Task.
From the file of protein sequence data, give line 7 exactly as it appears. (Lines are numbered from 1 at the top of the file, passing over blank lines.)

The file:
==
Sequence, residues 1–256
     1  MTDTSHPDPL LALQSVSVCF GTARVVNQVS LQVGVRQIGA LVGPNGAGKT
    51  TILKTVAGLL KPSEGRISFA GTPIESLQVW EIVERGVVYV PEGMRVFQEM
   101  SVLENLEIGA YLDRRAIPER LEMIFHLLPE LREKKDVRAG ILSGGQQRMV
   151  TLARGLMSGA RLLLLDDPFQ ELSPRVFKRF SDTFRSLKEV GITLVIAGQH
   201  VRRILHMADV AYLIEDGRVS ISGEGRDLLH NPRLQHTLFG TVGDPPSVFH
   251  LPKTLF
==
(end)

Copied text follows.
   251  LPKTLF